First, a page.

A powerful trigger for me is freshly washed, still-damp linen (which, I assure you, smells different from dry linen). Memories of my mum, and my youth, cascade over me: she and I pushing the washing trolley—with the squeaky wheel—up the red brick path to the old Hills Hoist washing line, hidden behind a wall of ivy. The sun shining hot on my cheek and cooling it down by resting it against a damp bed sheet draped over the clothesline, held steady by wooden pegs; my eyes squinting from the bright glare emanating from the sheet’s white flatness.

Due to life’s later experiences, a whiff of tequila will cause my hair to stand on end while swiftly depositing me back to sometime in my twenties, slumped over on a stairwell, vomiting a river into a cooking pot. More pleasantly, the smell of one book will often remind me of a completely different book; one whose pages flickered across my fingers years prior.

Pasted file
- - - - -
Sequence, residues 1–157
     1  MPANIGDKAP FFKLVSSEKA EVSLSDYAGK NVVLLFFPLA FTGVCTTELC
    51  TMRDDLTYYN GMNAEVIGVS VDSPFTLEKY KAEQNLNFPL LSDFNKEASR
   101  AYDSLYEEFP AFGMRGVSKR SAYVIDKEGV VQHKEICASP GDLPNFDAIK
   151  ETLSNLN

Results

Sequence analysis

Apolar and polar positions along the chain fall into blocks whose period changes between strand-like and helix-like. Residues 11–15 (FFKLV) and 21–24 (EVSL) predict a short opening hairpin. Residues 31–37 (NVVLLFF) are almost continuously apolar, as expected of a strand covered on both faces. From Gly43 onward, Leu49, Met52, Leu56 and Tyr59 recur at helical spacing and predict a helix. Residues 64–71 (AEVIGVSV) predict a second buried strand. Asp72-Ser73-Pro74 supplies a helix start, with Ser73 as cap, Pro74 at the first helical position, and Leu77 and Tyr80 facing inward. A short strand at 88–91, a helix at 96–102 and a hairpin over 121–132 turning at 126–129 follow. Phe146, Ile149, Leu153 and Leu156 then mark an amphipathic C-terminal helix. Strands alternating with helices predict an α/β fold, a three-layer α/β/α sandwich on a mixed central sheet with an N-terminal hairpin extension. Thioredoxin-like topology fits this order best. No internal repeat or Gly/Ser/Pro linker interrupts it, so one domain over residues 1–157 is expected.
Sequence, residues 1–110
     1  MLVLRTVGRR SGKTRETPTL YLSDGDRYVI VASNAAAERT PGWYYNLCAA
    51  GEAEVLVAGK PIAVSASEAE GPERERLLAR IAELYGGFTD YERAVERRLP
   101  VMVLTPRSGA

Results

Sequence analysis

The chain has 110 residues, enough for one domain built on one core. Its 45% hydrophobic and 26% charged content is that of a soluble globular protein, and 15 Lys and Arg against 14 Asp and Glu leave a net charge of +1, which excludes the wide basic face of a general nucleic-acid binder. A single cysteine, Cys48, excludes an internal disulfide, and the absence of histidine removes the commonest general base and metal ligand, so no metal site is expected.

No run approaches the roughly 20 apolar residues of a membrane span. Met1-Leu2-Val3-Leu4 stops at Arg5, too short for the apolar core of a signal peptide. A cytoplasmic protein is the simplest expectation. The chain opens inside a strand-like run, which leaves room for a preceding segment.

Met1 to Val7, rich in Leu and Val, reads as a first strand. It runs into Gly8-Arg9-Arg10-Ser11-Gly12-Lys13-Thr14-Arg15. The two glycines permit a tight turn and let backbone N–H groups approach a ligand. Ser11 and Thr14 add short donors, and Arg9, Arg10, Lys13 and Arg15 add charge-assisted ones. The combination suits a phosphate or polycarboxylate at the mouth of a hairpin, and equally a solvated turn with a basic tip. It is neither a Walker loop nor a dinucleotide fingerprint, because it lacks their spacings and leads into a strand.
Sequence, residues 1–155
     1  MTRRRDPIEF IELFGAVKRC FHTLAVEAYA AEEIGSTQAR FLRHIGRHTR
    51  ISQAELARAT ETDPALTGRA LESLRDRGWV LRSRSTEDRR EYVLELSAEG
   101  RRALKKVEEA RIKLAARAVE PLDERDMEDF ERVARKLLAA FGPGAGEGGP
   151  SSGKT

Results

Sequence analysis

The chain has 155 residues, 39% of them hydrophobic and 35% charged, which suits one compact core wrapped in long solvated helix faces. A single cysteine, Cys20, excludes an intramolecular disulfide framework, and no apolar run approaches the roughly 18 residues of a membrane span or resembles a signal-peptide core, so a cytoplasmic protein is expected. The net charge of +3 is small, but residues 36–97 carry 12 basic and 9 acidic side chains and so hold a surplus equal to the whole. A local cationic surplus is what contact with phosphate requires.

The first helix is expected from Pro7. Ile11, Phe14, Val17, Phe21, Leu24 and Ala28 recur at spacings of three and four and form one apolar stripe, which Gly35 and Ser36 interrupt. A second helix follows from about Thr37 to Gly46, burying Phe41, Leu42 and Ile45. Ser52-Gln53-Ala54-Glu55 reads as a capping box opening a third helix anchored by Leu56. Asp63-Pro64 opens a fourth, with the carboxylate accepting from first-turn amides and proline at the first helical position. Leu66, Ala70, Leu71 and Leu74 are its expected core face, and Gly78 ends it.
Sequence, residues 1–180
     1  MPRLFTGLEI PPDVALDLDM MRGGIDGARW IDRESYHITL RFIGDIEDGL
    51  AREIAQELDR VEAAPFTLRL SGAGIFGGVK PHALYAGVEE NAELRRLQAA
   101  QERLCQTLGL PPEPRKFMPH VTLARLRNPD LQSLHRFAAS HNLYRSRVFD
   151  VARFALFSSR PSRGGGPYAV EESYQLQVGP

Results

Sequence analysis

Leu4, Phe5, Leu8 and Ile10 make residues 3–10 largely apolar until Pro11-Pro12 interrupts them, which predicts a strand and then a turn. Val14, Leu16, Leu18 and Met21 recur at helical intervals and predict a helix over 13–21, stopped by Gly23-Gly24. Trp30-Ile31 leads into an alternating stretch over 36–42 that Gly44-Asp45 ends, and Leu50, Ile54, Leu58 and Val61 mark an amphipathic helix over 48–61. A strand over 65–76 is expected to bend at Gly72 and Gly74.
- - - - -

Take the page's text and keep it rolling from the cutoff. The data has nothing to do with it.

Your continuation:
The company, Supersense, realised the nostalgia-inducing power of smell and decided to market it. They describe their Smell Memory Kit as an “emotional snapshot”. It consists of a capsule, worn around your neck, which contains an arbitrary human-made smell. When you are having a nice time, you break open the capsule and breathe in deeply. Now, whenever you revisit the smell you will return, emotionally, to that nice time.

Not just for prompting memories, smell also helps induce hunger. Scent does for eating what foreplay does for sex. The waft of delicious food can stimulate your appetite, making you salivate, before even seeing or tasting a meal. Put more romantically, smelling food is like the anticipation leading up to a first kiss. Smell’s job doesn’t stop there, it continues to elevate the gustatory experience throughout eating: our nose is actually responsible for 80 percent of the flavours we taste. Our schnoz is also useful when involving things we shouldn’t eat, often seeing what the eyes do not, which is why I apply the sniff test to everything in my fridge—use by dates be damned! 

Even during a pandemic, food is one comfort most can still enjoy. With fewer stimuli to excite us, the inability to smell (and taste) a delectable meal would be even more torturous than under normal circumstances. Imagine garnering no joy from food—your mouth, tongue and teeth simply going through the motions, jostling around non-contextual shapes of varying degrees of heat and texture, survival the only driving force.